So, I’m a little behind on my posts. I just posted the family Christmas photos on a post I written on 12/27. If you care to check it out, click on 2010 Family Christmas Photos.
Anyway, moving on to New Year’s, although if I’m trying to catch up sequentially, I should write about the Curse of Mount Snow. Dum dum dum.
But those photos haven’t been edited yet. New Year’s it is.
Traditionally, Koreans celebrate the Lunar New Year. I could say I’m ahead of the game since Lunar (or Chinese) New Year is later on.
But our family started celebrating the Western New Year when we moved to the US. Since I’m all about honesty, I’m back to square one. I’m a little late on my posts…
Over the years, we gave up much of the tradition that goes along with New Year’s celebration. Dressing up in traditional hanbok and visiting elder family (parents, grandparents, aunt and uncles) to pay respect. Flying a kite. Actually, I don’t ever recollect flying a kite for New Year’s. Who really flies kites in the winter anyway?
The one tradition we kept was eating Duk Guk on New Year’s morning and I’ve been keeping it with my own family. It is supposed to give good luck and blessings. Or represent new luck and blessings? Or something. Yeah, I have no idea why we eat it.
If you don’t know Korean food, this may all sound strange. If you like Korean food, you know that Duk Guk is the ultimate comfort food. Especially comforting after flying a kite in freezing temperatures! (Again, who does that?)
Sometimes I add other ingredients like mandoos (dumplings) or odaeng (see photo below) or even some broccoli florets for veggies.
I’ve tried to make the process as easy as possible by using chicken broth. This year, I actually made beef stock. There’s a more authentic taste with beef broth, but chicken broth will do in a pinch. I add some garlic and ginger for flavoring.
If you’re lucky, fresh Duk can be found in a large Korean supermarket like H-Mart. They are more likely found packaged like below in the refrigerated or frozen sections of most Korean supermarkets. Either one works fine. Obviously, the frozen ones take longer to cook.
If you don’t live near any Korean store, you can order duk and other items online from H-Mart.
This photo is a sample of Korean roasted kim. Or roasted laver. It is like the Japanese sushi nori except that it is usually a little thinner and has been roasted and seasoned lightly with salt. As shown in the packaging, we generally eat it wrapped around some rice.
I like to buy these little packages. A bigger package would go to waste since once opened, roasted kim doesn’t keep for long. I guess I could be old school and roast them fresh myself, but that’s just too much work. Packaged roasted kims are good enough for me.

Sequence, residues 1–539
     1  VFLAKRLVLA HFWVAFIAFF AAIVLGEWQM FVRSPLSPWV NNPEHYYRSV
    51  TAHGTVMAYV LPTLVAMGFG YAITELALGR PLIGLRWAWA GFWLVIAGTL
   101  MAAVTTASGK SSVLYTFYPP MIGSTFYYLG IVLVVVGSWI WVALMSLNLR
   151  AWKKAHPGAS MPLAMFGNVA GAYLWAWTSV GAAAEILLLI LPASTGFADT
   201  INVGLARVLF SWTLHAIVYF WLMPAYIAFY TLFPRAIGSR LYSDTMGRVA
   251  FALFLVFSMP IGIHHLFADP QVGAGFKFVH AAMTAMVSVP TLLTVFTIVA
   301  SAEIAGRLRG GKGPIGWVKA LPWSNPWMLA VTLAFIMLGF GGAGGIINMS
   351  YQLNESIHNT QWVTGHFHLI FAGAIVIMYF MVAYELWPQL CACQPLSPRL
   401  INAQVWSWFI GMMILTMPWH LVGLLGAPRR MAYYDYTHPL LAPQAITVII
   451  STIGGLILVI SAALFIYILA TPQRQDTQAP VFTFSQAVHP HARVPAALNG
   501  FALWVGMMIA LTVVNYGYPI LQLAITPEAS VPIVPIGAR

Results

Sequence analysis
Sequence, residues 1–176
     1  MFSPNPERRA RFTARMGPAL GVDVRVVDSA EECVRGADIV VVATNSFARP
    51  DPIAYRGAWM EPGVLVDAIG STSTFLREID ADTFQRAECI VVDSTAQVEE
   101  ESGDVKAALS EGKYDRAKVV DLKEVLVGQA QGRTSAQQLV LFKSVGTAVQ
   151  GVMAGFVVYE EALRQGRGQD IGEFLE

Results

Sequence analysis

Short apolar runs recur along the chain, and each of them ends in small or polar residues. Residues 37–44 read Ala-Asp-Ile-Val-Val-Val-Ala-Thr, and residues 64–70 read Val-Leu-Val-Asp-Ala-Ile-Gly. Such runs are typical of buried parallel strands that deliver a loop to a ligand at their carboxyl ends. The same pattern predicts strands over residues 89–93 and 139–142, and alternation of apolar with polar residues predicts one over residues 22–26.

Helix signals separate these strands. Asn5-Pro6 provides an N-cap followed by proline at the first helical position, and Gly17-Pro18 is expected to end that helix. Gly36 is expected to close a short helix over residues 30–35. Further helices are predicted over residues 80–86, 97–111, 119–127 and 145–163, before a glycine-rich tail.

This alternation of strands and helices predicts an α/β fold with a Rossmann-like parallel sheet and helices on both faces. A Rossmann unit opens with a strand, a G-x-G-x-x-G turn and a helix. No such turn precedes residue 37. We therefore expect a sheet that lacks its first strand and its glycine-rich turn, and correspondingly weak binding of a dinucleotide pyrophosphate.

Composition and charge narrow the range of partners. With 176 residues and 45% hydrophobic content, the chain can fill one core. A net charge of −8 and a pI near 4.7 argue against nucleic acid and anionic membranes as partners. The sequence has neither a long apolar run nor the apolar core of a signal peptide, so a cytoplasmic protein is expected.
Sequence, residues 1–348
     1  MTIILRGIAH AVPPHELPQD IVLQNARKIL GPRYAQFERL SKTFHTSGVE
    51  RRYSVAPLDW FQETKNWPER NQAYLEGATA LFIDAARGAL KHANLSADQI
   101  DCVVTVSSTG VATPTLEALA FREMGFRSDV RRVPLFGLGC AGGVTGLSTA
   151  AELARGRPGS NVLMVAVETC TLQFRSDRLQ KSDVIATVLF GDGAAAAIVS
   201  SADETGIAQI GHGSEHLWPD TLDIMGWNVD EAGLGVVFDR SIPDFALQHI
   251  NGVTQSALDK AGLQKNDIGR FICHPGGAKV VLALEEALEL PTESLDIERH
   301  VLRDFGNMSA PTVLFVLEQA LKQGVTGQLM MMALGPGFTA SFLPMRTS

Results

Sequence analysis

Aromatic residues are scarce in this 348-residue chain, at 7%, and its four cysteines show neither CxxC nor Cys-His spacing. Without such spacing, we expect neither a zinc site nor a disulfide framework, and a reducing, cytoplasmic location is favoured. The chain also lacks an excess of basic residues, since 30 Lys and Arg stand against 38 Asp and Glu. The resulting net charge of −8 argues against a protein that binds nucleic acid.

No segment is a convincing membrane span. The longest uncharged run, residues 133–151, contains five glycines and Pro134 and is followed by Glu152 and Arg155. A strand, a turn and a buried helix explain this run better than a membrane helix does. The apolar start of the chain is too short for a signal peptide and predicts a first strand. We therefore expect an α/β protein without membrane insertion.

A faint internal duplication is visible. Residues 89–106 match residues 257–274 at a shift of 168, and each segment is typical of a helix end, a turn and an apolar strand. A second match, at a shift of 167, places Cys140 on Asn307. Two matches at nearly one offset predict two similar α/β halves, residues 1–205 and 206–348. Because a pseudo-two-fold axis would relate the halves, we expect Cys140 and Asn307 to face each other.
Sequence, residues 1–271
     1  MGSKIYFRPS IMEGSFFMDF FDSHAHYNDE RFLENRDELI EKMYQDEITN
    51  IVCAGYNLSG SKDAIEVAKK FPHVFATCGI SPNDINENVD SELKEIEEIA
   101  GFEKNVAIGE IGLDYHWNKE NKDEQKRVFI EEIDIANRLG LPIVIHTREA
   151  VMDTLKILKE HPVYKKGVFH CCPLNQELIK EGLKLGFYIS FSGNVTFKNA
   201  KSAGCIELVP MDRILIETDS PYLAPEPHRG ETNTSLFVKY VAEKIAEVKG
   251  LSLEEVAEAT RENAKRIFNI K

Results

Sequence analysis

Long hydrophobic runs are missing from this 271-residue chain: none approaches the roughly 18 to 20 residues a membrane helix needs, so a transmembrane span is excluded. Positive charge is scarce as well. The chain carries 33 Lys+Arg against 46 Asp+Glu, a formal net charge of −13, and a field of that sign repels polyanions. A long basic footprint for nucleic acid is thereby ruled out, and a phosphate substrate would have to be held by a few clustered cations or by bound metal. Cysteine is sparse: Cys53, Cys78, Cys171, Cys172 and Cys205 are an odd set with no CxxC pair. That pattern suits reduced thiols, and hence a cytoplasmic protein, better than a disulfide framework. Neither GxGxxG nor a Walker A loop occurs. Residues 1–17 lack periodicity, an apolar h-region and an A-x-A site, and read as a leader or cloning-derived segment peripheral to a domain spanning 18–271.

I had really wanted to do a step-by-step, but New Year’s Day was a little hectic. We winded up eating Duk Guk for dinner instead of breakfast. Don’t worry, I checked with my Mom to make sure I wasn’t jinxing my luck for the next year.
I forgot to take a photo of the final soup, which was a shame because it was by far my best effort. By the time dinner rolled around, I was hungry and taking some photos was the last thing on my mind.
The picture of duk guk above is from last year. I had meant to post the recipe then. Well, it’s all good in the hood, right? As long as it gets posted at some point so that Soso and Peanut can reference back as adults. Is isn’t as if any of y’all have been hammering for this recipe!
Anyway, if you’re adventuresome, if you like Korean food, if you like duk guk and some how missed the hundreds of recipes out there but happened onto my blog, here it is.
Prep Time: 10 mins Cook Time: 20 mins
2 garlic, minced or grated (I prefer grated. I don’t like to bite into garlic pieces.)
1/2 inch ginger, grated
1 teaspoon vegetable oil
6 cups beef or chicken broth
2 eggs, mixed lightly with 2 tablespoon water
1 small package roasted kim, sliced thinly
2 stalks scallion, chopped
4 cups sliced duk
roasted sesame seeds
*optional ingredients (4 dumplings, 8 odaeng, 8 small broccoli florets) If using, add another cup of two of broth.
In a medium pot, heat vegetable oil for a few seconds. Add garlic and ginger and stir for 1 minutes in order to release the flavors. Pour broth, cover and bring the broth to a boil.
Meanwhile, fry the eggs into two thin, flat omelets. Slice thinly when cool and set aside.
When the broth is boiling, add the duk and boil for a few minutes without the cover. The optional ingredients can be added at this time as well. Check a piece of duk for tenderness. They should all be floating up and be tender but not overly soft. Add the scallions and turn off the heat.
Ladle into individual serving bowls. To each bowl, add some fresh black pepper, a couple of drops of sesame oil, some sliced egg strips and roasted kim and a sprinkle of roasted sesame seeds. Serve immediately. Duk guk does not keep as the duk will get more soft and bloated over time.